Here's one of those coverages that can be SO misunderstood. The case listed below is an actual case with a couple of small changes. It happened in Virginia and is really difficult for all parties involved:
- Insured hits claimant broadside and driver is seriously hurt, passenger is unfortunately killed.
- well in excess of $350,000 before any possible puntative damages.
- Insured had 100,000 / 300,000 / 50,000 liability on their auto policy (that means 100,000 limits per person in an accident, 300,000 per accident in total, and 50,000 in property damage liability.)
So, the claimant knows the insured doesn't have enough coverage. The claimant then files with THEIR insurance under the uninsured motorist coverage on their auto policy. Their limits for uninsured motorist liability are also 100,000 / 300,000 / 50,000. In this case because the INSURED had the same liability limits they can NOT cross over to their own policy and collect further under the U.M. Their only recourse is to hire a plantiff attorney and try to sue the Insured for damages attached to assets, which can be extremely costly, time consuming and exhausting.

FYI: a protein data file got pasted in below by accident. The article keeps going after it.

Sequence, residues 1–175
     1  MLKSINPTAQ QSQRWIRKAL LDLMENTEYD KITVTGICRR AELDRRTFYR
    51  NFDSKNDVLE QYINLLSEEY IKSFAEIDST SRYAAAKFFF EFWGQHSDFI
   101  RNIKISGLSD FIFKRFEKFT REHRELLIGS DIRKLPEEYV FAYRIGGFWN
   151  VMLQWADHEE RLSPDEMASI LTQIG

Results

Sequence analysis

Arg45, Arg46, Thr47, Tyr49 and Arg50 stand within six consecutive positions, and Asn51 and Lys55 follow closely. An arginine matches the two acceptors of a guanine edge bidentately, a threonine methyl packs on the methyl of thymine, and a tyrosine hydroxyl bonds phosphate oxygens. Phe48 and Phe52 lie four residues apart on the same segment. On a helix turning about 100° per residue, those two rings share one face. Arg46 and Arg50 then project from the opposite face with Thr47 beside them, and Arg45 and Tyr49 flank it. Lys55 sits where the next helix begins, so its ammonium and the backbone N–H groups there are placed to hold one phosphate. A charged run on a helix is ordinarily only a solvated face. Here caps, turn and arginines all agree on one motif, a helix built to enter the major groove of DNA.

IF the claimant had higher limits of liability and Uninsured Motorist, 250,000 / 500,000 / 100,000 for instance, they would have been able to go into their own auto policy for up to the $500,000 uninsured motorist limits MINUS what they got from the insured which would have been up to 300,000. So an additional 200,000 could be the difference between being made whole (at least financially) or bankruptcy.
Moral of the story- Buy as high limits as you can afford!! Bad things can happen to good people.